he is It is during times of crisis, such as the one we are going through now, that’s when the biggest fears and headaches emerge. So it’s essential to be extra careful with your mental health, fortunately The Independent asked the experts for some advice.
Be aware of your financial situation
As for the paper, Akanksha Nath, Head of Partnerships at Credit Karma, recalls that “knowledge is power,” meaning knowledge will help your mental health in the long run.
“The first step to getting better with money is getting involved with your finances. And having a good overview of where your money goes each month — including any outstanding lines of credit and debt — can help you begin to identify where the savings can be made,” he says. Shows.
Don’t be afraid to ask for help
Greg Marsh, founder and CEO of Nous.co, a cost-of-living advisory platform, recommends reaching out to family and friends and asking how they’re coping.
Of course, if you really need it, don’t be afraid to seek professional help. “People look for help when it’s too late,” he warns. So “it’s much better to put a proactive plan in place sooner than if things are really bad.”
Do not neglect
According to Nicky Ramskill, MD, being very concerned about money “can lead to anxiety, depression, and physical health problems like migraines or irritable bowel syndrome.” By the way, when the symptoms are strong, it is very likely that it will become more difficult to think of problems, but also to come up with solutions.
It is also important to fight the urge to work longer hours and neglect your needs, however, the specialist states that “lack of sleep, lack of exercise, not taking vacations and not having free time, all of this affects our ability to adapt to the day-to-day, which exacerbates the problem and weakens Our resilience in times of crisis.”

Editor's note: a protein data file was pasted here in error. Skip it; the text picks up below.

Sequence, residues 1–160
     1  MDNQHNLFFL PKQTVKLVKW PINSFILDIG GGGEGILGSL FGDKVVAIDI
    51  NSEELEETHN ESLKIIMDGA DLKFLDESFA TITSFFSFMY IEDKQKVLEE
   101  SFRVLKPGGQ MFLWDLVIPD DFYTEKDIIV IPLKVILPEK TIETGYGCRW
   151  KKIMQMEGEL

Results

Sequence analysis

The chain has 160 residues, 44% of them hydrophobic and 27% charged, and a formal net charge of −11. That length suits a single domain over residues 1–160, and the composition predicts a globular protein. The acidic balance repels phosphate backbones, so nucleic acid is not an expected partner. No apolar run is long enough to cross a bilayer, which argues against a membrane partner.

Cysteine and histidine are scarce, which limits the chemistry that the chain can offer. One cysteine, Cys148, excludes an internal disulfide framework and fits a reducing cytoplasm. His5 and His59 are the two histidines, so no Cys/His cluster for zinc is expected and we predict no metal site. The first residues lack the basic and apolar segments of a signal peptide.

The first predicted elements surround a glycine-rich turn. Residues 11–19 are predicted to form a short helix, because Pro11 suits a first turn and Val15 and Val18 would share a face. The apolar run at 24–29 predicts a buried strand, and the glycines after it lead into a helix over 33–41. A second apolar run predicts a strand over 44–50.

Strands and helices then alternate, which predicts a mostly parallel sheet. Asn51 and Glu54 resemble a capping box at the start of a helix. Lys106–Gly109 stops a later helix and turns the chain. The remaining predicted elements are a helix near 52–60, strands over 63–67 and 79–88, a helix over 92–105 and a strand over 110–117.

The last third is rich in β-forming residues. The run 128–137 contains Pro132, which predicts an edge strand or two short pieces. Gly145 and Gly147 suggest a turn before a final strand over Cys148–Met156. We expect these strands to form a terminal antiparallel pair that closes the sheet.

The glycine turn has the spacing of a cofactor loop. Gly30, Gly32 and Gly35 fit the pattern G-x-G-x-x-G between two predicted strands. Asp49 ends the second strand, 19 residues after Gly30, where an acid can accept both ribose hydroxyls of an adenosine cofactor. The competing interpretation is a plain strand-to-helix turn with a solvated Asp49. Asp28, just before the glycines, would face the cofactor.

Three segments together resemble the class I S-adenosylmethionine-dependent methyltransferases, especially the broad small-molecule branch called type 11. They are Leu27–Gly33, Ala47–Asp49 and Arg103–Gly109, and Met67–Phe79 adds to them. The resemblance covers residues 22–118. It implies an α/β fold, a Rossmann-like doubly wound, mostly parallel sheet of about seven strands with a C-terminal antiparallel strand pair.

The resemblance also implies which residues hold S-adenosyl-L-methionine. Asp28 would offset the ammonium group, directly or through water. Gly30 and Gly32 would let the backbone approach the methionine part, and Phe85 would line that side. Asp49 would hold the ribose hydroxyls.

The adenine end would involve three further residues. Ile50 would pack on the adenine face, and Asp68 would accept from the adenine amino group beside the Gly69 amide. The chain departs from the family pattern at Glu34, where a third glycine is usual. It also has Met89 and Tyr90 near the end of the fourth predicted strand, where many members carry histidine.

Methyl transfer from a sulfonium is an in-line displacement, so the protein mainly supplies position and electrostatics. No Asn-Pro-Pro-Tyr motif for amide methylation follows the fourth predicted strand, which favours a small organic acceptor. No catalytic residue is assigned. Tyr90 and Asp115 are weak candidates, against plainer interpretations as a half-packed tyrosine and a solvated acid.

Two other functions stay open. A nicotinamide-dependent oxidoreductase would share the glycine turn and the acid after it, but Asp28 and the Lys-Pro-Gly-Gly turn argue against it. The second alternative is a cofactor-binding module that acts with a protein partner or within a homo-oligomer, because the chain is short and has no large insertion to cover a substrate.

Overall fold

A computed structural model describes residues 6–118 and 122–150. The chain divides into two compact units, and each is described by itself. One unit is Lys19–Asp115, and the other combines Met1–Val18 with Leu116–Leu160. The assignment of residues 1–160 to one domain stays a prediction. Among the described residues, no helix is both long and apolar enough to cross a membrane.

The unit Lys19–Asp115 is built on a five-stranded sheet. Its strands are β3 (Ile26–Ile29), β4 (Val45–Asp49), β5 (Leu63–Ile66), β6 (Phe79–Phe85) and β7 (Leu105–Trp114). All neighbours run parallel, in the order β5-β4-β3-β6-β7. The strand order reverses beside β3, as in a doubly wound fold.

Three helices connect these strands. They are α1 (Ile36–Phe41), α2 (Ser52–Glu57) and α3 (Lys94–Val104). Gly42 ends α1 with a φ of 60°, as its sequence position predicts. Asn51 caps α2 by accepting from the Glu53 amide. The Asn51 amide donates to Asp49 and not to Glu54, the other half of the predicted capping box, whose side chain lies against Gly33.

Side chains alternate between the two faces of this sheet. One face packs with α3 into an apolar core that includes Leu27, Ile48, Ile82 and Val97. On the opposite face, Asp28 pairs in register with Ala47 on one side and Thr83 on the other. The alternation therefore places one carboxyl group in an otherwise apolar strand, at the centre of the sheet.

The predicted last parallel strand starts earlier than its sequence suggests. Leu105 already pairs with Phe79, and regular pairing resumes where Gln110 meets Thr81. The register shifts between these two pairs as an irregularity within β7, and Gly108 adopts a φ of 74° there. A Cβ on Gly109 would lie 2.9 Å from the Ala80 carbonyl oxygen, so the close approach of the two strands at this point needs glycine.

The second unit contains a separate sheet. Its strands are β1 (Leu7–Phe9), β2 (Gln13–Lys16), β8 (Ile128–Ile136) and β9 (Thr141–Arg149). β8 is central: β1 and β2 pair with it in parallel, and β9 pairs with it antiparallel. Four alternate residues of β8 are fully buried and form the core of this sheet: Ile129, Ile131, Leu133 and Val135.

Take small steps
That is, try, little by little, to start doing things that make you better, like not listening to, reading, or watching the news about the financial crisis. In addition to this, the doctor also recommends that you start managing your monthly expenses by cutting out completely unnecessary things.
Ignoring the problem won’t help, quite the opposite, Kylie Frost, chief of clinical support at Health Assured, a company that provides workplace wellness services, tells the Journal.
“Facing a problem can be very stressful, but at the end of the day, facing it forward is always the best path. Make a list of your internal and external data each month, plan free or low-cost activities, stay active and mobile, focus on a good sleep routine, and exercise nurturing.” subjectivity.”
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